Jay Maynard, aka Tron Guy, reveals his very emotional reaction to Tron: Legacy.
I've been waiting 28 years to see if the other shoe would ever drop on the Tron universe. It has, and the result is visually stunning, intellectually engaging and emotionally exhausting.
As you might imagine, Tron: Legacy, which opens on Friday, was a must-see movie for me. When the original Tron came out in 1982, I had just begun working as a mainframe systems programmer. I'd been working with computers for a decade, first in school and then professionally, so I knew a fair bit about them. Tron fascinated me because it was the first attempt to show what happens inside a computer. In doing so, it pushed the boundaries of filmmaking, both technically and artistically, in just about every way imaginable.
The original movie was seen as a flop, mainly because Disney pulled its marketing efforts shortly before the theatrical release. Tron made money, eventually, but not in blockbuster numbers, and most folks forgot about the film.
It sat in the back of my mind for many years, until my Tron costume - patterned after the illuminated suits in the movie - became an internet sensation, earning me the nickname Tron Guy and landing me on TV shows and even a South Park parody.
That fame had the world asking if I would be involved with Tron: Legacy the moment the sequel became more than just a persistent rumour. Unfortunately, Disney seemed to take great pains to separate the new film from the original, leaving me out in the cold. I'm not the only one; Cindy Morgan, the wonderful lady who played Yori and Lora in the original, was left out of the movie, although she did get to do some promotion.
Even so, I was really excited when Wired.com arranged for me to see an early screening of Tron: Legacy. Here, at last, was the result of all the hard work, massive computing resources and money spent on bringing the Tron universe to a new generation. I walked in, expecting to be blown away both from what I'd seen before and from what I knew about the production.
I was not disappointed.
Jeff Bridges (left) reprises his role as Kevin Flynn in Tron: Legacy, and digital trickery slaps his reverse-aged face on Clu.
The motion picture industry has undergone several revolutions in the past 28 years. All of them have been brought to bear on Tron: Legacy. The result is a truly fantastic experience.
From the moment Disney's trademark Sleeping Beauty Castle rezzes up at the beginning of the film, it's obvious this is not the same old movie. The graphics take a back seat to nothing, but they light cycles and other powerful visuals look natural with actors in them. The 3D is not overpowering, either: It was done gently, understatedly, lending a subtle sense of depth to the scenes without the usual in-your-face excess. There's plenty of eye candy for even the most jaded addict.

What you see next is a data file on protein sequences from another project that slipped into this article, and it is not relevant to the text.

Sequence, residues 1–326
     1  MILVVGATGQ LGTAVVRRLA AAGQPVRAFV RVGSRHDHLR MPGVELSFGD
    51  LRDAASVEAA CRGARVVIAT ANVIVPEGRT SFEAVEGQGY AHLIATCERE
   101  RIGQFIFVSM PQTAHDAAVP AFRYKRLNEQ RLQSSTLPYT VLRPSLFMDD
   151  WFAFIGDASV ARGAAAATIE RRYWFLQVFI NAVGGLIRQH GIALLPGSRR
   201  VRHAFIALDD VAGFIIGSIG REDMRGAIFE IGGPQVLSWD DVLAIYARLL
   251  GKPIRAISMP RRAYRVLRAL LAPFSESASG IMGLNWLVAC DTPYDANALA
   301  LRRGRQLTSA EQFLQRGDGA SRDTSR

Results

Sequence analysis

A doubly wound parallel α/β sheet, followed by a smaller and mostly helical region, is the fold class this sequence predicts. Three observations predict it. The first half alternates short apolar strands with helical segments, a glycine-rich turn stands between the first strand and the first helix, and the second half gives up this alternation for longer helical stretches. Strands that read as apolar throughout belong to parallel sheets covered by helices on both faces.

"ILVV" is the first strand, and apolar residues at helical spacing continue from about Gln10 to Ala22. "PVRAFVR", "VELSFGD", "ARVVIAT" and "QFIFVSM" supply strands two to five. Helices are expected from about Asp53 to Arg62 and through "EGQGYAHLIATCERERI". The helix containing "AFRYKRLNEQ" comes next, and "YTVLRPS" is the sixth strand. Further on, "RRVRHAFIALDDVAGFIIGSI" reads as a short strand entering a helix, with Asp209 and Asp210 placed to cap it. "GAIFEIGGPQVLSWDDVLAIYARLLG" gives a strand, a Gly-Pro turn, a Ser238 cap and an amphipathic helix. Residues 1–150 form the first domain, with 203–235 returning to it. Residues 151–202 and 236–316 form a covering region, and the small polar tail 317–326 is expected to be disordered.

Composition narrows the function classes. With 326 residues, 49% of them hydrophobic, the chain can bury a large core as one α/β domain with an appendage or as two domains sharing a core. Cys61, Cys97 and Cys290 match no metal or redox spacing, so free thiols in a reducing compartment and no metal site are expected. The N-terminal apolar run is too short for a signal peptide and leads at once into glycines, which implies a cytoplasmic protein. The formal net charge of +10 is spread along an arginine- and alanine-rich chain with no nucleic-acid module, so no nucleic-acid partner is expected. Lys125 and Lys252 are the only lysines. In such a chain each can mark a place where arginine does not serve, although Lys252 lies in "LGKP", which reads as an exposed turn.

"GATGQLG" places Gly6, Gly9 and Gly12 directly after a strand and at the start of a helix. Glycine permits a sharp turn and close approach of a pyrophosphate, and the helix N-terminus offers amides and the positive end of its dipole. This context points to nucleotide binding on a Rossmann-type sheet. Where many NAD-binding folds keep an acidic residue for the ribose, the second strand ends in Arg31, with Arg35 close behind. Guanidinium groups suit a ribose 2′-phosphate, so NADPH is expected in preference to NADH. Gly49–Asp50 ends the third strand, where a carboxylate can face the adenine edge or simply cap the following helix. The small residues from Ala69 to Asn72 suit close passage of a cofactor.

The score by Daft Punk is outstanding. I'd heard of the French duo before, but knew little about their work. After seeing Tron: Legacy, I'm going to search out more.
The score, like Wendy Carlos's music in the original film, isn't just electronica. It makes use of a full orchestra, in ways that never detract from the action on the screen, just as a movie score should. I've already bought the album.
For the geeks among us, Tron: Legacy serves up plenty of references, both to the original movie and to modern geek culture. They're not obvious unless you're looking for them, and they fit in well, but there's an extra little bit of fun there when Sam Flynn says, "Now that's a big door!" as he breaks into Encom headquarters.
During one incredibly well-done dogfight scene, I half expected Kevin Flynn to say, "Great, kid! Don't get cocky!" after Sam shoots down a fighter chasing them. That scene could easily have been used in Top Gun. Despite the setting, it was entirely plausible as a 5-on-1 jet fighter furball. The filmmakers even go so far as to show a (mostly) accurate re-creation of a SunOS 4.0.1 X console. (The only blooper was that the machine type was an i386.)
With all of this, many folks would expect the story to suffer. It doesn't, unless you're a movie critic. It's a logical continuation of the original, although you need not have seen Tron to understand what's happening now. Strong performances by Jeff Bridges, Garrett Hedlund, Olivia Wilde and Michael Sheen should prevent the kind of complaints about wooden acting that surrounded the original movie. The result delivers an unexpected emotional impact, especially at the ending.
Perhaps the emotional ending influenced my final reaction. As the credits rolled, I had to fight off tears. I would have been deeply honored and pleased to have my name associated with Tron: Legacy in some way, even if the sequel had stunk up the theatre. With the film as outstanding as it actually turned out, that would have been an experience like no other. Instead, I walked out of the theatre to my cold truck, determined to not let my feelings show. Nobody there would have understood.
Disney's marketing machine has pulled out all the stops for Tron: Legacy. I believe this one will escape being thought of as an expensive flop, the way the first one was. It deserves to. It's enough to make me really, really disappointed Disney didn't ask me to have anything to do with the sequel's production or marketing.
There's already talk of a third Tron movie. Disney, could you throw me a bone for being in some part responsible for awakening the franchise from the dead in the minds of the public? Please?
Maybe an official Tron: Legacy costume of my very own so people who ask me to make appearances get the new film in their heads. That would give fans a much more direct connection to the movie.
Plus, that way I'd be all ready to appear in the next one.
Photo credit: Jim Merithew/Wired.com
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